Halloween Guide for Kids with Sensory Needs

This year for Halloween, Elizabeth is simply going to pass out the candy with me or perhaps with a friend by her side. She is not dressing up for the event, at least not at the time of this writing. This is not to say she won’t change her mind and end up dressed and passing out candy.

But in any event, her prime trick or treating years are behind her. Which is kind of a shame because she is truly the Zen master in the art of trick or treating. She simply loves it all. From the costume, to the hunt, to the haul. Well… I should say, after a few years in, she loved it. But not in the early years…

The first few years she was deep in her sensory issues, so she cried and looked so fearful as I put her in her costume. And yes, I still put her in it.

Tears and all.

Because I did not know any better. I did not know what else to do.

So the whole night was pretty much stressful from start to finish. And it was an early finish you can be sure.

Then came the later years. When she wanted to go, but could not really talk. So the dressing part was easy.

It was the trick or treating part that was hard. Because she could not talk.

So I talked for her.

I talked about her in third person…”Elizabeth would love this or I am sure Elizabeth is happy to see you too.”

It was not fun to write about it now let alone, do it then.

I did it because, again, I did not know what else to do.

Finally came the last few years. And it is here that I knew what to do.

And it was pretty great and continued to be so until we encouraged her, at age 18, to hand up her pillowcase and join the adults to help pass out treats.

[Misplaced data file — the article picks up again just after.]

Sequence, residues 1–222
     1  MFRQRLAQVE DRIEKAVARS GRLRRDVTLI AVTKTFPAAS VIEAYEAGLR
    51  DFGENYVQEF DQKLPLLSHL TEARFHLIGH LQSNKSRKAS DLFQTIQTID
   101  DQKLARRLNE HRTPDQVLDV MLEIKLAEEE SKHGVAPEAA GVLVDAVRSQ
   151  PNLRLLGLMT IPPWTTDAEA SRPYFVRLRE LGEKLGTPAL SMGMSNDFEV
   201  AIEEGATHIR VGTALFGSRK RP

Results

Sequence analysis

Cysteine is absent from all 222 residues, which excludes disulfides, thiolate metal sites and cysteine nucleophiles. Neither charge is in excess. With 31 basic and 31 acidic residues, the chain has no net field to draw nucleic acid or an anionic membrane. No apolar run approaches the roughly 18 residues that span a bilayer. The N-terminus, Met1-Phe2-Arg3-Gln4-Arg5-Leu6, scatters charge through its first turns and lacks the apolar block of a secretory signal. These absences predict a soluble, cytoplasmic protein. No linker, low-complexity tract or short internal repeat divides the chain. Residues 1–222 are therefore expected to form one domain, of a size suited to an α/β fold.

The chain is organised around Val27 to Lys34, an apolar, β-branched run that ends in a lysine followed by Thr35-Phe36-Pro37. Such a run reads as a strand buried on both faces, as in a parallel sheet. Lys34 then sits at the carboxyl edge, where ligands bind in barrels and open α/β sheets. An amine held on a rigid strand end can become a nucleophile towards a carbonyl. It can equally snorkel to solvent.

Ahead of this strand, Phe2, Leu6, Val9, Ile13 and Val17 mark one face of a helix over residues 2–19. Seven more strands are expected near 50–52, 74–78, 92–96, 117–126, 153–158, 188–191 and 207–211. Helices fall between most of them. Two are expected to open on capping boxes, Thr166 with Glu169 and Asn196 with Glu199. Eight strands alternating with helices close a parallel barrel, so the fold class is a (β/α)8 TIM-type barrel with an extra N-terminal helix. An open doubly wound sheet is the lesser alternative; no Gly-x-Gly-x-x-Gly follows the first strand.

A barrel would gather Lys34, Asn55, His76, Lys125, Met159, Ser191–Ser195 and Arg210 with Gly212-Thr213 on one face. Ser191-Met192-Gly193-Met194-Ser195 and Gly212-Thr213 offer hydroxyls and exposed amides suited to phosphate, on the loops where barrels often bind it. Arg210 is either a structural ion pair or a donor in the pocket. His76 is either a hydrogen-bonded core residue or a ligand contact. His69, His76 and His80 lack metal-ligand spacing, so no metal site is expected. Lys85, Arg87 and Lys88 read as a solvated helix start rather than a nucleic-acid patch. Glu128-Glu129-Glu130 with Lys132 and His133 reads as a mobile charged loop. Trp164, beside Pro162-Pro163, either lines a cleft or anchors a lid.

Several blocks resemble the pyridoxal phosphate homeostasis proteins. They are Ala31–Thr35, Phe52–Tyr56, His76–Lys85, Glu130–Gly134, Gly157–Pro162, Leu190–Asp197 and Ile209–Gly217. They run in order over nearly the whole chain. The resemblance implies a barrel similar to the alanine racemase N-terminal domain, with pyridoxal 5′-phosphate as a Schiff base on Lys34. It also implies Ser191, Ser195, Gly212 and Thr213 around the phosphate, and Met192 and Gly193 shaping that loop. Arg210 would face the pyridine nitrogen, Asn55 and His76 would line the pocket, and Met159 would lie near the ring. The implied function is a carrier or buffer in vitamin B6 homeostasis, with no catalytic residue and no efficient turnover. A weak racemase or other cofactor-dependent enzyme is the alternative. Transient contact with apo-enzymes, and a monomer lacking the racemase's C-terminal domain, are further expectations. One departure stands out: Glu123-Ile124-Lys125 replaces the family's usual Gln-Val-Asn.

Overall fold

So with a couple of decades of experiences behind me, I wanted to offer up my thoughts on how to have the best success for Halloween. Hope some of them help you.

TalkTools | halloween candy


If you cannot find one to fit your needs for Halloween, write one.

In it you can put down all the things you will be doing, what your child will see, smell and hear.

And you can put down in it, the things you want them to do through the night. Like, take only one piece of candy. Because do you really want to have to say “take only one, honey” all night? Sharing and talking about expectations really helps, even the youngest ones. Again, my opinion here.

 TalkTools | trick or treat


What I wish I would have done instead of talking in third person is help others understand Elizabeth’s needs. Meaning, letting others know that she struggled with talking would have been quite helpful, then they would not have stared at her waiting for a response.

This goes for any of the other issues special needs children face. Such as eye contact, conversations, waiting for the treats, whatever it is, I feel that helping others understand simply makes it so much easier.

Making up a card that helps people understand your child is something that would help them be successful. The words are there and you can hand them as you go.

An example of the card I would have used is:

“My child cannot talk well, please hand the candy to her. Thank you so much“

It can be anything you need people to know as they see your child.

It is an easy way of advocating for your child.

TalkTools | hug


Sometimes it is so easy to look at what everyone else is doing and compare. May I offer….DON’T!!

They are not living your life, nor do they have a child who has your child’s special needs. So please allow yourself to call the holiday a success, even if it is by no other standard than your own. Because only you know how hard your child worked that night. Only you know that they did something new this year.

If you got to three houses and everyone had fun, it is a success.

(The fact that Elizabeth did not cry at all one year, made us feel successful.)

It is all about perspective.


I offer out to be proud of yourselves for continuing to offer life’s experiences to your child when sometimes it would be easier to take a pass.

My hope is that you and yours will enjoy the holiday and make memories that are yours to keep forever.

I wish everyone a peaceful month,


Michele Gianetti is a mom of three, registered nurse, and published author ("I Believe in You," "Emily's Sister"). She writes for TalkTools Blog every month about her experience caring for Elizabeth, her daughter with Sensory Processing Disorder and Dyspraxia. Follow her story since the beginning here.

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